While we were traveling in Chile Travis and I met Amanda, a fantastic woman who had spun a positive twist to the American economical downturn. Over lunch we shared travel stories and ended up talking about volunteering abroad.
I’ve always wanted to go somewhere and volunteer my time, but I’ve never enjoyed the idea of also having to pay an exorbitant amount of money for it. As I see it, paying for my own expenses makes perfect sense, helping contribute some money to the project makes sense, and my time is worth money – so why would I also have to finance what feels like the entire organization on top of it all? Volunteering shouldn’t only be for the wealthy or those who excel at fundraising.
As it turns out, Amanda felt the exact same way – so much so that she had created her own charity two years back. Her organization, Creating Partnership for Progress (CPP), is very small and runs one project a year. Projects usually cost around $15’000 and volunteers only pay their flight plus $300 to cover their transport, room and board. 100% of the money donated to the project goes to the project – they do not keep any of it for administrative cost. How incredible (and rare) is that!
In their first year they built a playground in Tanzania, the next, housing in Guatemala. Now in their third year, their project is to build a public library in Cambodia – way off the beaten path. Literacy and education is a major player in the fight against poverty, so this is a fantastic project to support. The library will be centrally located near 25 villages and will serve over 10,000 people. In 2007, education expenditure only accounted for 1.6% of Cambodia’s total GDP – because of poor governing and corruption, little of that money makes it to the rural areas.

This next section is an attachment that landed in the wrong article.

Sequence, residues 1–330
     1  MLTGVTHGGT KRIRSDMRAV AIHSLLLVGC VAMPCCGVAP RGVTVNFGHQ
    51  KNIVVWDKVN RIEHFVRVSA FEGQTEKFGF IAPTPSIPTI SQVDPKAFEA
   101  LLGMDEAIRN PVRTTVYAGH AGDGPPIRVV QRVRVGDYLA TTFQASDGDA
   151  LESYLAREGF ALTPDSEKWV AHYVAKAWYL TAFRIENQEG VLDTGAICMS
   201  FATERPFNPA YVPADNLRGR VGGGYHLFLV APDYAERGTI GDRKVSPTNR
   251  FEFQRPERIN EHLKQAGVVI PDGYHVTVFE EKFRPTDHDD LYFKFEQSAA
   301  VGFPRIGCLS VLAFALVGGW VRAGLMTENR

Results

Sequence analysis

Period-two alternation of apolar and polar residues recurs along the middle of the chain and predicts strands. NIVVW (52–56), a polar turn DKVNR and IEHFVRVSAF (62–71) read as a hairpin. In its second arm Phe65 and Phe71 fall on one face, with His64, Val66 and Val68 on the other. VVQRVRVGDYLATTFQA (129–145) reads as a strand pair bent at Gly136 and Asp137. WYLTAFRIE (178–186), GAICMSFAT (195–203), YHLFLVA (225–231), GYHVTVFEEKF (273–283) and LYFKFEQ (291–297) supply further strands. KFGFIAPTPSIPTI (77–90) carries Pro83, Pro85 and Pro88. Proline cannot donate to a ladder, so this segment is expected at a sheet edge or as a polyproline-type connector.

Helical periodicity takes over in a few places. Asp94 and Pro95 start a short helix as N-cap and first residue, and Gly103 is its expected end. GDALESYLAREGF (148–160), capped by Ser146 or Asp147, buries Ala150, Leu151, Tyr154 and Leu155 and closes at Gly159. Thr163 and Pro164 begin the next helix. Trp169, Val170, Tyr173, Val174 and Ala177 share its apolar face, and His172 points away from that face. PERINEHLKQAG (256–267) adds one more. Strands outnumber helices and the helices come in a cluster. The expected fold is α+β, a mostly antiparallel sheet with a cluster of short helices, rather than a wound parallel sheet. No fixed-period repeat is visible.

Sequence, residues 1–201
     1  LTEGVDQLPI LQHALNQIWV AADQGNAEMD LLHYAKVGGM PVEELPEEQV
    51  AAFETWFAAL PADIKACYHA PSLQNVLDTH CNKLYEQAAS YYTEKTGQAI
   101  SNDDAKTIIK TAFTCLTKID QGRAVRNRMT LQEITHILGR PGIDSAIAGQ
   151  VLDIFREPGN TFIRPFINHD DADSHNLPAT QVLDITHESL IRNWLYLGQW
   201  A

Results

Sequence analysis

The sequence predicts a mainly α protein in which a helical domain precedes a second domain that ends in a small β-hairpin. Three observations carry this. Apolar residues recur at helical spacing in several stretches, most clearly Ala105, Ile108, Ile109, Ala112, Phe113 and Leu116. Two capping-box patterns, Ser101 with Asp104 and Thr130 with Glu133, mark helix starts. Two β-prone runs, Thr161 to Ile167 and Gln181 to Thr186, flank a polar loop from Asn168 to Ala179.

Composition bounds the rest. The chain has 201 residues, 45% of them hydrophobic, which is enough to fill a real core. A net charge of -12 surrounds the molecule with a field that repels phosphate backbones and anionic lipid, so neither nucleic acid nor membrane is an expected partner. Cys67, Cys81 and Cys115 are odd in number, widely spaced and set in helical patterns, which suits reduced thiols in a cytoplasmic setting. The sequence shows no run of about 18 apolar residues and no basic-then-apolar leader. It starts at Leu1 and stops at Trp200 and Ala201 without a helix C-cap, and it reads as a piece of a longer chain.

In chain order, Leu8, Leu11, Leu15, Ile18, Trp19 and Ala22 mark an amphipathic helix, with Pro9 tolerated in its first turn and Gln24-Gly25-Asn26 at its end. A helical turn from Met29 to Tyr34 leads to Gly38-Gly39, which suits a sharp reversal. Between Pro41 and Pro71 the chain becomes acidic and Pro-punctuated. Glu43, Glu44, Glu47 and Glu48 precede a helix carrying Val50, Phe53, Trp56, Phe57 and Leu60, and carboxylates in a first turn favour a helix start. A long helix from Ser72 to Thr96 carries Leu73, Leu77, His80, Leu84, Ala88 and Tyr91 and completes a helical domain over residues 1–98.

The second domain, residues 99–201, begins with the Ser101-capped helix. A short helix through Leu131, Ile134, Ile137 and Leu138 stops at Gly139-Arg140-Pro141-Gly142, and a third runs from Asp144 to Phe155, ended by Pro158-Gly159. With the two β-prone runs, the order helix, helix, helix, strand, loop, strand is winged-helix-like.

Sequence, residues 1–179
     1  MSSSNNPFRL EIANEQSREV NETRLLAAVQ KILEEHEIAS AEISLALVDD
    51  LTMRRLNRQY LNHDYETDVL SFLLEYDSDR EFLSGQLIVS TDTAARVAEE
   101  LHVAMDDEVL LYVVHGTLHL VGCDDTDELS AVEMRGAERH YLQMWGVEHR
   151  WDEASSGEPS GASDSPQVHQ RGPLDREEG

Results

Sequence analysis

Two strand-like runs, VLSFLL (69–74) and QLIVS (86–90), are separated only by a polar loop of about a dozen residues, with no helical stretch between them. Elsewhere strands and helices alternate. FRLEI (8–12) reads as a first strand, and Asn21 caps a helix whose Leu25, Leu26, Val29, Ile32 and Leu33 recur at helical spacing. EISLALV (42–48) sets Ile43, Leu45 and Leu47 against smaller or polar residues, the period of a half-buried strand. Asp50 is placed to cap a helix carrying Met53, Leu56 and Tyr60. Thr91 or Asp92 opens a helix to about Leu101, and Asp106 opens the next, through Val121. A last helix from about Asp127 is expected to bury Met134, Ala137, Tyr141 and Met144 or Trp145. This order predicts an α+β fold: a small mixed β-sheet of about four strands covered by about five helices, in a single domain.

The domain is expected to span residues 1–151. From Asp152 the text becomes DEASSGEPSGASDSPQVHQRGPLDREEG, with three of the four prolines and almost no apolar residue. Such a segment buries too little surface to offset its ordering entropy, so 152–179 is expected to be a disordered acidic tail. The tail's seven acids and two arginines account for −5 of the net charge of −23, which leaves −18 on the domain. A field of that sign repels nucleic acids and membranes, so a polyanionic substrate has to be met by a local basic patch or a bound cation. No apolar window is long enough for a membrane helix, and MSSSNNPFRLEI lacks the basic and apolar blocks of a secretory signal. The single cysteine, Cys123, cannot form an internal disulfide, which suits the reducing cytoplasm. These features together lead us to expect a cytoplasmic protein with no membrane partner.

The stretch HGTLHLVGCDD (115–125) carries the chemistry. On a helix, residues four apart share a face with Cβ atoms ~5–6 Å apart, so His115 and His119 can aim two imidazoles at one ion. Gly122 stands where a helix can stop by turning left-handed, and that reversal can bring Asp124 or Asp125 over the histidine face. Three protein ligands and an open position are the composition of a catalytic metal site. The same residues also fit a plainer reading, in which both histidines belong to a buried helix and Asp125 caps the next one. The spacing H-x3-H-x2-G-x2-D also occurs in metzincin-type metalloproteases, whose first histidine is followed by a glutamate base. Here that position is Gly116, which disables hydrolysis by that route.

The people of Cambodia are some of the nicest, most generous people I have ever met. They are grateful, positive and always smiling – even when the times are hard (of course this is a generalization, but it is truly the impression that I got of Cambodians). And life is hard in Cambodia: poverty is widespread, fields are full of landmines, corruption is high and people are still recovering from the civil war. In Cambodia, the poverty line falls at US$1.25. As of 2007, about 30% of Cambodians were living below the national poverty line – that’s one in five. It makes for no surprise that of all the countries I have been to, I have never seen people with so little as I’ve seen in Cambodia – yet I strongly believe that they are some of the most beautiful people around.
So, what can you do? Help Amanda and other CPP volunteers build a library in Cambodia! The project is starting July 15 and they they urgently need your financial help. At the last count, CPP was still $7000 short from reaching their project goal.
* You can donate money through PayPal – their PayPal link is on their website. Any amount will help! I believe they also accept checks.
* If you are looking to help in more creative ways, such as with your time, used books, etc, send Amanda an email (it can be found on this page of their site) to check how to proceed.
* Lastly, feel free to share this blog post (or create your own) to raise awareness!